Why Are So Many High School Football Coaches Preaching to Their Athletes?

The video below, part of The Atheist Voice series, discusses how dozens of high school football coaches in the South are preaching Christianity to their athletes:

You can read more details about the story here.

We’d love to hear your thoughts on the project — more videos will be posted soon — and we’d also appreciate your suggestions as to which questions we ought to tackle next!

About Hemant Mehta

Hemant Mehta is the editor of Friendly Atheist, appears on the Atheist Voice channel on YouTube, and co-hosts the uniquely-named Friendly Atheist Podcast. You can read much more about him here.

  • busterggi

    Because god is more interested in who wins the Podunk vs Shitheels game and needs to know who deserves it than all those millions of sick & dying folks.

  • flyb

    Because they suck at real coaching? They think some imaginary jerkwad will take up their sorry slack.

  • Baby_Raptor

    Because they’re wanna-be preachers, but preaching to a captive audience of impressionable kids is way easier than leading a church. And the pay is probably better, since I doubt any of these asholes would go through all the effort required to build a megachurch.

  • kielc

    Because if kids think some imaginary hero will protect them, they won’t be scared of being paralyzed, concussed, or otherwise crippled?

    • Bitter Lizard

      And if they are, their friends and family can rest easy knowing the life-altering injuries were because an invisible dictator inflicted them for his own amusement.

      • kielc

        Indeed! All part of “his plan,” dontcha know!

        • Miss_Beara

          It was “His Plan” because he never gives people “more than they can handle”.

          • Bitter Lizard

            I fucking love that expression. Babies who die from AIDS just don’t want it enough. Wussy little quitters.

          • C.L. Honeycutt

            Ugh, it’s so easy to disprove. It only takes one word: Suicides.

  • KMR

    It’s tradition. The South is huge on that.

    • McAtheist

      Tradition, the tyranny of the dead.

  • billdavis

    in my experience, it’s a matter of I.Q.

  • TiltedHorizon

    Because those who can, do! Those who can’t do, PREACH!

    :)

  • TexasParent

    You hit it right on – when the coach of a high school team says that his team prays before a game, that becomes a coercive situation for the players due to the relationship between the coach and players. No student should ever be forced into that situation in a government funded school.

  • C Peterson

    In most schools, athletics- particularly football- is an alternative to education and intellect. A non-academic, largely useless subject elevated far beyond education in social value (an unfortunate idea that extends across American society outside of school, as well). Coaches are selected for their coaching ability, not their teaching or thinking ability. Is it any surprise, therefore, that they are drawn from an uneducated, unintellectual segment of the community? And that is, of course, a segment strongly represented by the religious, especially in the South.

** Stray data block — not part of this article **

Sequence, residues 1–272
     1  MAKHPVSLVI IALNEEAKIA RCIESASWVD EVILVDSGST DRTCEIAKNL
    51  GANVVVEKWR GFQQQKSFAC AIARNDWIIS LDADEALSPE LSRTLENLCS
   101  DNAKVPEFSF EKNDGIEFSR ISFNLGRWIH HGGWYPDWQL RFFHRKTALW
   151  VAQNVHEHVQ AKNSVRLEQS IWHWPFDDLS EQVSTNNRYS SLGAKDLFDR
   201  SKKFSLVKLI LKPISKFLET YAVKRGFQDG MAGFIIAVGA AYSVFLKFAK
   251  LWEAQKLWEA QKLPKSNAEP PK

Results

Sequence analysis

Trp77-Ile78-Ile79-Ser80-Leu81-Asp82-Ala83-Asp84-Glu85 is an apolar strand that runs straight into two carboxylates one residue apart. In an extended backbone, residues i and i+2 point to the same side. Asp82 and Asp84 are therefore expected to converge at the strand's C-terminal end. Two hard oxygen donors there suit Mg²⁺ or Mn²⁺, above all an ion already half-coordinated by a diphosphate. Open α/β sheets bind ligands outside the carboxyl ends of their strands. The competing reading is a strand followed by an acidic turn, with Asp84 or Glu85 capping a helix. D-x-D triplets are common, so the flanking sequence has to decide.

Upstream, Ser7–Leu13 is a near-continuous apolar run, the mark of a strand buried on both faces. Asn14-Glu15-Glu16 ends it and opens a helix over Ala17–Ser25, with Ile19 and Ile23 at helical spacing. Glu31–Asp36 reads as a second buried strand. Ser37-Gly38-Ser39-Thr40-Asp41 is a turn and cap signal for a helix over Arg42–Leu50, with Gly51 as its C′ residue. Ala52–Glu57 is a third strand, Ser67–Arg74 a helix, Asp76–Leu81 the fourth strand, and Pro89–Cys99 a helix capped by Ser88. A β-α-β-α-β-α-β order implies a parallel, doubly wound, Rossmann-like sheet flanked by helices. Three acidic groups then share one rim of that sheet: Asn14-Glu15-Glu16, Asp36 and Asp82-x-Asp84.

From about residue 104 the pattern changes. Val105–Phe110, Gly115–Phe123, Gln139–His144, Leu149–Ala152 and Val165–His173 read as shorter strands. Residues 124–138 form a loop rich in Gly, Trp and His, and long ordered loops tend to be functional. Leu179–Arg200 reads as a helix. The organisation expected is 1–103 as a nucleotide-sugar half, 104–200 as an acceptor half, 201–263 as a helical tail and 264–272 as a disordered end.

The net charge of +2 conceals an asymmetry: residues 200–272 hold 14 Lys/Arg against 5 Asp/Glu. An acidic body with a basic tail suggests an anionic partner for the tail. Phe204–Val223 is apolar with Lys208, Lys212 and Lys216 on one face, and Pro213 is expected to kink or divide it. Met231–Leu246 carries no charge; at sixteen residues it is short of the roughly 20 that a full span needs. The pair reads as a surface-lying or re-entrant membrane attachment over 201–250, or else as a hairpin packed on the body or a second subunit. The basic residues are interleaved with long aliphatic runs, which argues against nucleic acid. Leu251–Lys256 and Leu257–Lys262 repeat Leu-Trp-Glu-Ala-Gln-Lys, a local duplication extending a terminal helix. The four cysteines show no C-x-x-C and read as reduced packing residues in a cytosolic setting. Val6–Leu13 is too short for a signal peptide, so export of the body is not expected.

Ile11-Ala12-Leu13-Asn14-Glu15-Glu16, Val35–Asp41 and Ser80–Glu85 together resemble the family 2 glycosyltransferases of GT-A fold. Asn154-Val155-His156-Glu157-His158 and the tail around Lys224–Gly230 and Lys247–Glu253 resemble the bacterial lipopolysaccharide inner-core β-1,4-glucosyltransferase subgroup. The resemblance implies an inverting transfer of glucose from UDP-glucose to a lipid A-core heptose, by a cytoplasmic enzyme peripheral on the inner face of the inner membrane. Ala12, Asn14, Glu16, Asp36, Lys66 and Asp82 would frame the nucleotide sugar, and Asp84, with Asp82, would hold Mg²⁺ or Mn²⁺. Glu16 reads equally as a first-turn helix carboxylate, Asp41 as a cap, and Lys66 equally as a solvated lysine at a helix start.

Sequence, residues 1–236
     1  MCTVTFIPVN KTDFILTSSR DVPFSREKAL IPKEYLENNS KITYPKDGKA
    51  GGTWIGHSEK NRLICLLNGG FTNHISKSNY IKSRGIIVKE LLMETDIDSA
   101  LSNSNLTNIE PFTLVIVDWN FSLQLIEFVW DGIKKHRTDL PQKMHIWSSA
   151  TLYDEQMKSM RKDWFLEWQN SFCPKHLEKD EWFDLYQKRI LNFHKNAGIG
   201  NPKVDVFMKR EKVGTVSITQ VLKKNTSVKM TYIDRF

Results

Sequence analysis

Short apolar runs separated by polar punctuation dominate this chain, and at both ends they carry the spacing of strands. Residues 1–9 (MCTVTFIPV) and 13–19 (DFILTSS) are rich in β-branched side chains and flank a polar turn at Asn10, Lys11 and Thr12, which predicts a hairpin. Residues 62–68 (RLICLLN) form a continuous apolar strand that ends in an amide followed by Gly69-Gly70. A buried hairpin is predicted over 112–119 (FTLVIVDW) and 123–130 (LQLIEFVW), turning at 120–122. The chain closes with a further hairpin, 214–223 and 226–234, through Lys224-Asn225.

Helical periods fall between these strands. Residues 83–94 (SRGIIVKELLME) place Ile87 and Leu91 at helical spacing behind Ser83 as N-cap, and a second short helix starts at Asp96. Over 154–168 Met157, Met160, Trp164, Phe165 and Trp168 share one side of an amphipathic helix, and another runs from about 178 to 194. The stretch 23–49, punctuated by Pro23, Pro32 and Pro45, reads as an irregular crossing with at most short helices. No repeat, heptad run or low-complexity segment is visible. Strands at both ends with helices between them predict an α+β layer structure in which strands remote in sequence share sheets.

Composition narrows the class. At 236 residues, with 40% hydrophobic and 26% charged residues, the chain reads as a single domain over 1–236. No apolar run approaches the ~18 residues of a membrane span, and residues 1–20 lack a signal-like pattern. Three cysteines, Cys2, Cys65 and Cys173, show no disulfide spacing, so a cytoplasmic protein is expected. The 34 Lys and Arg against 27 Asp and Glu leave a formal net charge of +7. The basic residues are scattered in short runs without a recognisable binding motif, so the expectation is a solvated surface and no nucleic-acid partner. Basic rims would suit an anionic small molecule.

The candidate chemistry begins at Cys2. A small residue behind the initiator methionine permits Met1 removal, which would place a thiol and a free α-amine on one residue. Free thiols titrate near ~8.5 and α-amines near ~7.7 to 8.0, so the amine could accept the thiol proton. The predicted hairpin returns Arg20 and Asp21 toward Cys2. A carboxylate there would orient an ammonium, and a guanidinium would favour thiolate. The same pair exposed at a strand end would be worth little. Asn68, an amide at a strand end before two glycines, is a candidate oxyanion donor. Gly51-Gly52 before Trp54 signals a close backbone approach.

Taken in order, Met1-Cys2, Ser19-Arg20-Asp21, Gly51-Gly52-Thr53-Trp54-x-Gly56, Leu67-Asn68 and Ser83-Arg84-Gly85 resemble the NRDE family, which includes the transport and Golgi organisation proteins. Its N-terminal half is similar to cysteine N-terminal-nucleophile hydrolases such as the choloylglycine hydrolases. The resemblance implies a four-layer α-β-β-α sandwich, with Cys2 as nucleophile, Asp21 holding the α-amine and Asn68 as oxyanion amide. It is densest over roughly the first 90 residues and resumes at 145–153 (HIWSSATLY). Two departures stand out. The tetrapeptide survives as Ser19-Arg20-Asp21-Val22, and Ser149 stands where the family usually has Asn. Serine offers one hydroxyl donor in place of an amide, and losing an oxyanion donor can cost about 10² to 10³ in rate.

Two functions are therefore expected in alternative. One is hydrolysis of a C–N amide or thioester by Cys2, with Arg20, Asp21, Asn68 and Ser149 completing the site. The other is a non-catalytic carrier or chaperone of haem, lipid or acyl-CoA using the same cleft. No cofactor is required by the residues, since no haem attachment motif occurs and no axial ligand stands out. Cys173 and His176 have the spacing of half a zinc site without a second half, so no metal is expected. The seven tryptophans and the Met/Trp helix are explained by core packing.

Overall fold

• The Captain

      Also a rather bigoted statement. Just because someone is into sports, does not mean they are inherently “uneducated”, “unintellectual ” or that their activities have and less value than say actors in a theater group.

      • The Admiral

        One who points out the correlation is not bigoted. One who is a bigot is a bigot.

        I’d say my point is blatant, stupid, and obvious, but you’ve fucking missed it.

      • C Peterson

        I did not say that people interested in sports are uneducated or unintellectual. What I said is that an education system that values sports over actual education encourages the hiring of uneducated (actually, I meant undereducated) coaches, and religiosity is closely tied to a lack of education.

        • The Captain

          But your entire argument is based seemingly on the belief that to be a good football coach means that you are more likely than most professionals to be undereducated.

          First, I don’t think schools that are supportive of sports teams are “valuing” them more than education. But do you think assume that a school that is really proud and supportive of their theater group, or orchestra encourages the hiring of “undereducated” directors? Or do you assume that by the nature of their expertise that theater and orchestra directors or more educated? That’s where the bigotry kinda slips in.

          • C Peterson

            I consider a school that places any extracurricular activity above rigorous education to be a failure. In the U.S., and especially in the South and some rural areas, football is most often the extracurricular activity responsible.

            You are living in a fantasy world if you don’t think that most of the schools where religious coaches are a problem aren’t placing significantly more value on their football than their education.